Is there any cell phone service in the science lab? How about the cafeteria?
If most high-schoolers are already carrying what are essentially mini-computers in their pockets each day, then Indian River School District might take advantage of that fact.
Principal Bradley Layfield of Sussex Central High School is proposing that the two district high schools have a pilot program this spring to test having cell phones in the classroom.
“Smartphones are ubiquitous. I think they can be harnessed for an educational purpose with strict parameters within a classroom,” he told the IRSD Board of Education on Sept. 25.
Currently, the district policy is that personal devices must be turned off, and students can lose their phones just for checking the time on them.
But they’re using computers more than ever, submitting assignments on the Schoology platform and collaborating on Google Docs.
The district has improved tech, but the laptops still aren’t available at a one-to-one student ratio. Science classrooms want to watch more labs; career classrooms want to quickly film videos; art students want to research images, music and choreography.
“The whole reason this is a pilot and not an adopted policy is because there can be a lot of pitfalls here,” Layfield said.
It’s not a perfect system yet. The district can use firewalls to keep students from accessing certain websites through school-based wireless internet, but they can’t control anything accessed through a phone’s own mobile data network. Also, Layfield said he didn’t know if the wireless firewall would apply to standalone apps.
Additionally, the district must clarify if cell phone use would still be prohibited on school buses.
They’ll gather input from anyone involved, including students, teachers, staff and discipline data.
Officials said now’s the time to begin testing and observing, especially since the technology is guaranteed to change exponentially in the next five years. When they enter 12th grade, today’s middle-schooler may be doing things with a smartphone no one could imagine now.
“Part of education is teaching people how to be a responsible user of technology,” Layfield said.
Anti-bullying campaigns in schools have had to be refitted to address cyber-cullying.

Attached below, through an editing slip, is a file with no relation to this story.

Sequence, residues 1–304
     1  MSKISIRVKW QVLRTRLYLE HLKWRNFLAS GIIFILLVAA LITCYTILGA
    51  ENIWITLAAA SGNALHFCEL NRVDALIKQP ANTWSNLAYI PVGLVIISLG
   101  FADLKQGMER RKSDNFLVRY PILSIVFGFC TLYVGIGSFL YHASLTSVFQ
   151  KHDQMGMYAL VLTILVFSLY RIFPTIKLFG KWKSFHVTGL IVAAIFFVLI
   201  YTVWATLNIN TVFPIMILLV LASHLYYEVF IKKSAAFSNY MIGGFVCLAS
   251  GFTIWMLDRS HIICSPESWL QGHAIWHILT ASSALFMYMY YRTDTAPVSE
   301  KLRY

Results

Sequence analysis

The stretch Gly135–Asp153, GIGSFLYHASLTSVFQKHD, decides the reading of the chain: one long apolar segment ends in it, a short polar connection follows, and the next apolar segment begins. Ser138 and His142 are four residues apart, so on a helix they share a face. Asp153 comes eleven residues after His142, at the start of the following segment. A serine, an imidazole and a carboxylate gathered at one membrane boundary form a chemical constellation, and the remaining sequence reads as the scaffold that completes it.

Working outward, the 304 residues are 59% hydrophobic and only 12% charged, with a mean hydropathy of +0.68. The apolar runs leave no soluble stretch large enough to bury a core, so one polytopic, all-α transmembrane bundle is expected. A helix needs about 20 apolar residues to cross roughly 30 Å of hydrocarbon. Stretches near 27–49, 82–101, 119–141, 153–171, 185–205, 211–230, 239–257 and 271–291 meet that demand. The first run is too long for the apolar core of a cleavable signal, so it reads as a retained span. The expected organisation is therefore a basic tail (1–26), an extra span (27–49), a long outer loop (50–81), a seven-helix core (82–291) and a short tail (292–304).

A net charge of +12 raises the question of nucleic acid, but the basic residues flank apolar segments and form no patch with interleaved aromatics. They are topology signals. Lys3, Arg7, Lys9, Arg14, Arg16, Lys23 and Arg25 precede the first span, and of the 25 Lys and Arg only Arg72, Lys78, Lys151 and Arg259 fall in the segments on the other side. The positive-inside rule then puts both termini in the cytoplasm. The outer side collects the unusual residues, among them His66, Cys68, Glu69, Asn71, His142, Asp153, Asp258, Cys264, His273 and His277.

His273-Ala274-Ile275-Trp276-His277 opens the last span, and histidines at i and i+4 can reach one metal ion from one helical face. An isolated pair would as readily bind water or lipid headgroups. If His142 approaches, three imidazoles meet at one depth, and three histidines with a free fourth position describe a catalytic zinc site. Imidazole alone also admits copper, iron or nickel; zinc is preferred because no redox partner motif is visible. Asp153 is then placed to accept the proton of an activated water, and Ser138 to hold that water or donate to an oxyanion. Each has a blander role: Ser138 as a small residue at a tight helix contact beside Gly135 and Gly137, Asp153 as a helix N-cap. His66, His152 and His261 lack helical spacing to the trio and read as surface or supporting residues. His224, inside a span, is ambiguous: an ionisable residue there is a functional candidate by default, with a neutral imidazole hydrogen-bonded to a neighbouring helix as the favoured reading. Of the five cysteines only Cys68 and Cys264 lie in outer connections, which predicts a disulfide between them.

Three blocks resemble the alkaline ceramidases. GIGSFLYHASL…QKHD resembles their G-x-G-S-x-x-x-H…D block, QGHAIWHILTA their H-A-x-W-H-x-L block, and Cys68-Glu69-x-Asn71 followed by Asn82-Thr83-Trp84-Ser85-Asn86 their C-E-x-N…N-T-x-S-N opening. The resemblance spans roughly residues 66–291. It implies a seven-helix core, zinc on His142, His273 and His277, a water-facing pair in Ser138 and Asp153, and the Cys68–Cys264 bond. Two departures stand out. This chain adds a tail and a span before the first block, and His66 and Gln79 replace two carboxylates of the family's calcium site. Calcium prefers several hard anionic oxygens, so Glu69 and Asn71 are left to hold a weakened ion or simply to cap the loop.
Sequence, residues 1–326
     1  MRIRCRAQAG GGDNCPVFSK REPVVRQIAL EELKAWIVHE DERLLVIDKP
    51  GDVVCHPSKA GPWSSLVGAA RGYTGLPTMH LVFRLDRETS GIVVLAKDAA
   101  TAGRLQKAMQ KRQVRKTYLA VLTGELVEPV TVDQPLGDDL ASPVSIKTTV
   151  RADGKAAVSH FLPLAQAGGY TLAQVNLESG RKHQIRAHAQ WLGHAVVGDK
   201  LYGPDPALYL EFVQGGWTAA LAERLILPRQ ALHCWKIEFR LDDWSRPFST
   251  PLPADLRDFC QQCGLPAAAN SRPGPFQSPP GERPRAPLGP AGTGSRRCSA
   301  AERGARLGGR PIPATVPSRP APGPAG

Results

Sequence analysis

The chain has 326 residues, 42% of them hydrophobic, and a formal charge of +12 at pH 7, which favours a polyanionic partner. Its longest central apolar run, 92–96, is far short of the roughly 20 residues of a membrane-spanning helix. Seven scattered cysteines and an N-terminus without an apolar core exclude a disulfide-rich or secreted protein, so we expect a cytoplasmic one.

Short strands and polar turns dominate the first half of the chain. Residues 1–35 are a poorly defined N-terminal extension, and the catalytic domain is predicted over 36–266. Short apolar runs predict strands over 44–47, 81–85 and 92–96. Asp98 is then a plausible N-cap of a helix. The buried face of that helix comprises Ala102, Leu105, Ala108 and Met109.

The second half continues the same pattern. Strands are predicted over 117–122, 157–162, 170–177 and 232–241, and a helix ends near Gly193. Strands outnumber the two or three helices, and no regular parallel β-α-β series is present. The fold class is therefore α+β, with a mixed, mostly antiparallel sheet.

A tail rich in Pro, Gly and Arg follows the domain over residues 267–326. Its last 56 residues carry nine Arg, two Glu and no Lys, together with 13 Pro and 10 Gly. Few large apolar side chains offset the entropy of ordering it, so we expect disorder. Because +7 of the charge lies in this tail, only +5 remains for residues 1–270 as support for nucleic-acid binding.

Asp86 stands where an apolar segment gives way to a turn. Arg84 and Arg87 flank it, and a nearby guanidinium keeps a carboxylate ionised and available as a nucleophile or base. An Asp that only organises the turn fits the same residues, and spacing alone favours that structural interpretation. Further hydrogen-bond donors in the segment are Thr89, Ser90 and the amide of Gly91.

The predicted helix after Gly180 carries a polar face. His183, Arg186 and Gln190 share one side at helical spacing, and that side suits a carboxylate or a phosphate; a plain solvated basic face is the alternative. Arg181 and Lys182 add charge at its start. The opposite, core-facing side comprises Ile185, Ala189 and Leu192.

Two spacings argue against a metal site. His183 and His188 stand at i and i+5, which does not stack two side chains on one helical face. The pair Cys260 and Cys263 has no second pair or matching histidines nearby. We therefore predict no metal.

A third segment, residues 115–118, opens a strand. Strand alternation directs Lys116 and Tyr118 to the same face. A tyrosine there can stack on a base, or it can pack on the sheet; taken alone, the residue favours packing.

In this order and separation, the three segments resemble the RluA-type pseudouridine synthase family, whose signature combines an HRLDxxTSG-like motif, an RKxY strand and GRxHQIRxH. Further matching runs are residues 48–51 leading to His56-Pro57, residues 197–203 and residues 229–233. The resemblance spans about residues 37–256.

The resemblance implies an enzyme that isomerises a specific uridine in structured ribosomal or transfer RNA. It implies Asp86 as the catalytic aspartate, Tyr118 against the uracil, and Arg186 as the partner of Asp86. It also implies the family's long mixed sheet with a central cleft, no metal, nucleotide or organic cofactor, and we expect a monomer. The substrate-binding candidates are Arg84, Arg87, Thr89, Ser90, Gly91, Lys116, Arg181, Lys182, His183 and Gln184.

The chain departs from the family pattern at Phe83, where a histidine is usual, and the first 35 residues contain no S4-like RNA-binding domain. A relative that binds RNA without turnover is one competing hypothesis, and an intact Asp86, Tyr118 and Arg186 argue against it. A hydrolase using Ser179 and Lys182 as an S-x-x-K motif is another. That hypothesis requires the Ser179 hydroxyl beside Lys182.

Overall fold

“This is a chance for us to give you more freedoms, and with freedom comes responsibility. But it is up to us to teach you digital citizenship,” Layfield said.
Is there concern about students being allowed to silently communicate en masse during school hours? Not really, Layfield said.
“I have typical found that the more students that are aware of any type of communication, the more likely that we will be are of it,” which comes from staff building trusting relationships with the kids. “That will be a concern to monitor. That is not anything that we have been made aware of.”
With the board’s approval, the schools could likely educate their teachers and students well enough to roll out the new system after the winter holidays.
As a new high school principal, Michael Williams may bring different perspective, having most recently worked with middle-schoolers until coming to Indian River High School this year.
This would be a pilot program for IRSD to gather data and iron out the kinks. Only time would tell whether the IRSD scraps the whole idea or writes the experience into an official policy.
“It is going to be difficult, but we do want to see where there could be pitfalls, where there could be positives,” said Layfield, who said he has seen other high schools with successful cellphone use. Sometimes cafeterias were less noisy because kids were listening to music or podcasts instead of talking.
Things have changed.
“Let’s face it. Students who are teenagers are digital natives. They have no idea what life was like before cell phones,” Layfield said. “A student checking a social media profile [today] … would be the equivalent of a boyfriend and girlfriend meeting up at the locker to make plans for the weekend.”
Obviously, cellular phones can be a distraction when used for the wrong purposes, such as surfing the web or updating their Instagram accounts from school.
“We’re trying to avoid that,” Layfield said. “I think by allowing personal use of cellphones during transition times, there’s less of an urge” to check social media in class.
Although schools need to be stringent about inappropriate cell phone use (such as inappropriate photos, bullying or social media during class time), the change could also help students better communicate. For example, many of Layfield’s 230 English language learner (ELL) students own smartphones with the “vital” Google Translate app.
Does Sussex Central have enough bandwidth for 1,600 new Wi-Fi connections? Layfield said they do, according to the former IRSD head of technology. That means students shouldn’t have to rely on their family’s mobile data plan to make use of their phones in school.
The current cell phone proposal is online at www.boarddocs.com/de/irsd/Board.nsf/Public (click “Meetings,” “Sept. 25, 2017,” click “View the Agenda” and “6.07 Policy”). Discussion will continue at future meetings of the Policy Committee and the school board.